Henry George theorem

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The Henry George theorem states that under certain conditions, aggregate spending by government on public goods will increase aggregate rent based on land value (land rent) more than that amount, with the benefit of the last marginal investment equaling its cost. The theory is named for 19th century U.S. political economist and activist Henry George.


This general relationship, first noted by the French physiocrats in the 18th century, is one basis for advocating the collection of a tax based on land rents to help defray the cost of public investment that helps create land values. Henry George popularized this method of raising public revenue in his works (especially in Progress and Poverty), which launched the 'single tax' movement.

In 1977, Joseph Stiglitz showed that under certain conditions, beneficial investments in public goods will increase aggregate land rents by at least as much as the investments' cost.[1] This proposition was dubbed the "Henry George theorem", as it characterizes a situation where Henry George's 'single tax' on land values, is not only efficient, it is also the only tax necessary to finance public expenditures.[2] Henry George had famously advocated for the replacement of all other taxes with a land value tax, arguing that as the location value of land was improved by public works, its economic rent was the most logical source of public revenue.[3]

Subsequent studies generalized the principle and found that the theorem holds even after relaxing assumptions.[4] Studies indicate that even existing land prices, which are depressed due to the existing burden of taxation on income and investment, are great enough to replace taxes at all levels of government.[5][6][7]

Economists later discussed whether the theorem provides a practical guide for determining optimal city and enterprise size. Mathematical treatments suggest that an entity obtains optimal population when the opposing marginal costs and marginal benefits of additional residents are balanced.

The status quo alternative is that the bulk of the value of public improvements is captured by the landowners, because the state has only (unfocused) income and capital taxes by which to do so.[8][9]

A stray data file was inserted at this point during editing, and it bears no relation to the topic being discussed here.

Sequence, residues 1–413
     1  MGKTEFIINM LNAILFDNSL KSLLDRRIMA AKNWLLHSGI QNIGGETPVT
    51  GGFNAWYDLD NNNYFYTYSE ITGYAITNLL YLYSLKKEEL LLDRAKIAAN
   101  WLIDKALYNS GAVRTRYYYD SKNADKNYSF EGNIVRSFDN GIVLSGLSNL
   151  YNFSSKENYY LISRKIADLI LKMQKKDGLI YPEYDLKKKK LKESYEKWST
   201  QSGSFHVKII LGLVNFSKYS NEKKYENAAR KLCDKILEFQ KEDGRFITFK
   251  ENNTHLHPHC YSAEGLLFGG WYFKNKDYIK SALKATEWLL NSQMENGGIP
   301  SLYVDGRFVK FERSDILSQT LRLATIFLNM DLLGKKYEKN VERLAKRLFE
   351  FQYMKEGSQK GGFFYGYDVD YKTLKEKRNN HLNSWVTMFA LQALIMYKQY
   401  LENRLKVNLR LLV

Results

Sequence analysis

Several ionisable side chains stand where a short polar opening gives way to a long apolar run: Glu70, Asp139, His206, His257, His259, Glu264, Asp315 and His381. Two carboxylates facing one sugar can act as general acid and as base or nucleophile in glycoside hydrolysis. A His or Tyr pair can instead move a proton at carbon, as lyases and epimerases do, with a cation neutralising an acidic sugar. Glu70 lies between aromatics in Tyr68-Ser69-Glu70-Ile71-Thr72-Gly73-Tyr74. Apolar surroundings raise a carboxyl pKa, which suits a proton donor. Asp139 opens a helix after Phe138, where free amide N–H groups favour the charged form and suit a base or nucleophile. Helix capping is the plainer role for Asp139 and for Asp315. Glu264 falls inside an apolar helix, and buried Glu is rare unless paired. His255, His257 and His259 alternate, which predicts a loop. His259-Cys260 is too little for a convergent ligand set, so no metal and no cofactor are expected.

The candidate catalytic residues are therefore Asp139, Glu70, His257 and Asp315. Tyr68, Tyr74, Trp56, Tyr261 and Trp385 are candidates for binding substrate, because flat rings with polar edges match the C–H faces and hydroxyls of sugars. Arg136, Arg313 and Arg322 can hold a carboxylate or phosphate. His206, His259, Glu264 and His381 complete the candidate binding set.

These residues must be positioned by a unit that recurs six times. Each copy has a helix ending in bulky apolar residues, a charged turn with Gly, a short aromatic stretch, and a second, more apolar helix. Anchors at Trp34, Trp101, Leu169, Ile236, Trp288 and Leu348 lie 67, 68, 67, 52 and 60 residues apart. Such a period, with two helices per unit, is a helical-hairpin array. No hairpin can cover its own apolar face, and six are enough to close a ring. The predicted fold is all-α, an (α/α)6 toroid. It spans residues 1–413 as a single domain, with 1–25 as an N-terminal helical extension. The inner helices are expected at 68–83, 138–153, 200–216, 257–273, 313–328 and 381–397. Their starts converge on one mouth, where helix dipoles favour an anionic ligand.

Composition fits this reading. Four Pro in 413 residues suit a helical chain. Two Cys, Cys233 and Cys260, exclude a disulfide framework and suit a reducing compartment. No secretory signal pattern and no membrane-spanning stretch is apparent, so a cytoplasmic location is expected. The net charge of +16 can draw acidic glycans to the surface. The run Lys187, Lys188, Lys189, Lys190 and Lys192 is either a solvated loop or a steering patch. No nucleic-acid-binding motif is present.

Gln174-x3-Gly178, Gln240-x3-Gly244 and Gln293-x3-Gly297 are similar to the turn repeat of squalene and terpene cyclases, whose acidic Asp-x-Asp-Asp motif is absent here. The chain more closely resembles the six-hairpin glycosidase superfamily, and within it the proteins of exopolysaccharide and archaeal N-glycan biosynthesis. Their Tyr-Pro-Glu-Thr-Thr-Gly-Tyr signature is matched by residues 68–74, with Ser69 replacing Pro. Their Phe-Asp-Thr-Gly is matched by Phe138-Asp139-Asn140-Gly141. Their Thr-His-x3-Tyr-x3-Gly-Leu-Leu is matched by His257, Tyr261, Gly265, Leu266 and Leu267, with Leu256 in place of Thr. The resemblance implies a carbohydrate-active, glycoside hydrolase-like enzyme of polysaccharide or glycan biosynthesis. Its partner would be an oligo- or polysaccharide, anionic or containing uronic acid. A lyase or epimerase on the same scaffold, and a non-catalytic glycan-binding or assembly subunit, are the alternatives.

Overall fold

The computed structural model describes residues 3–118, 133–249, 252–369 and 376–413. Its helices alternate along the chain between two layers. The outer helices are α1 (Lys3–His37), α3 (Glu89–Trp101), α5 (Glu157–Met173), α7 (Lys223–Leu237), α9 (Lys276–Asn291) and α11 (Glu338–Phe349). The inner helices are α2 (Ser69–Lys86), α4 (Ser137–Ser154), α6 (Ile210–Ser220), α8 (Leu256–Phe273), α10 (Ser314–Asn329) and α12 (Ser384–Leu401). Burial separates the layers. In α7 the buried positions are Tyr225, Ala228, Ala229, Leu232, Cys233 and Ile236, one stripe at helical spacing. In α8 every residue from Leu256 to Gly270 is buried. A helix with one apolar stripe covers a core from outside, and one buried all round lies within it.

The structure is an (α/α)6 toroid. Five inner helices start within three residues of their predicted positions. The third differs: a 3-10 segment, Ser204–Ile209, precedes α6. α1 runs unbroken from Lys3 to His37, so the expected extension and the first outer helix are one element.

See also[edit]


  1. ^ Stiglitz, Joseph (1977). "The Theory of Local Public Goods". In Feldstein, M.S.; Inman, R.P. (eds.). The Economics of Public Services. Palgrave Macmillan, London. pp. 274–333. doi:10.1007/978-1-349-02917-4_12. ISBN 978-1-349-02919-8.
  2. ^ Arnott, Richard J.; Joseph E. Stiglitz (Nov 1979). "Aggregate Land Rents, Expenditure on Public Goods, and Optimal City Size". Quarterly Journal of Economics. 93 (4): 471–500. doi:10.2307/1884466. JSTOR 1884466. S2CID 53374401.
  3. ^ George, Henry (1879). Progress and Poverty.
  4. ^ Behrens, Kristian; Kanemoto, Yoshitsugu; Murata, Yasusada (Jan 2015). "The Henry George Theorem in a Second-Best World" (PDF). Journal of Urban Economics. 85: 34–51. doi:10.1016/j.jue.2014.10.002. S2CID 52904689.
  5. ^ "Adequacy of Land as a Tax Base" (PDF). Archived from the original (PDF) on 2015-04-15. Retrieved 2018-08-29.
  6. ^ Gaffney, Mason (2009). "The Hidden Taxable Capacity of Land: Enough and to Spare" (PDF).
  7. ^ Foldvary, Fred (January 2006). "The Ultimate Tax Reform: Public Revenue from Land Rent". SSRN 1103586.
  8. ^ Doucet, Lars (2021-12-09). "Does Georgism Work?, Part 1: Is Land Really A Big Deal?". Astral Codex Ten. Retrieved 2021-12-26.
  9. ^ Kumhof, Michael; Tideman, T. Nicolaus; Hudson, Michael; Goodhart, Charles (2021-10-20). "Post-Corona Balanced-Budget Super-Stimulus: The Case for Shifting Taxes onto Land". Rochester, NY. SSRN 3954888.

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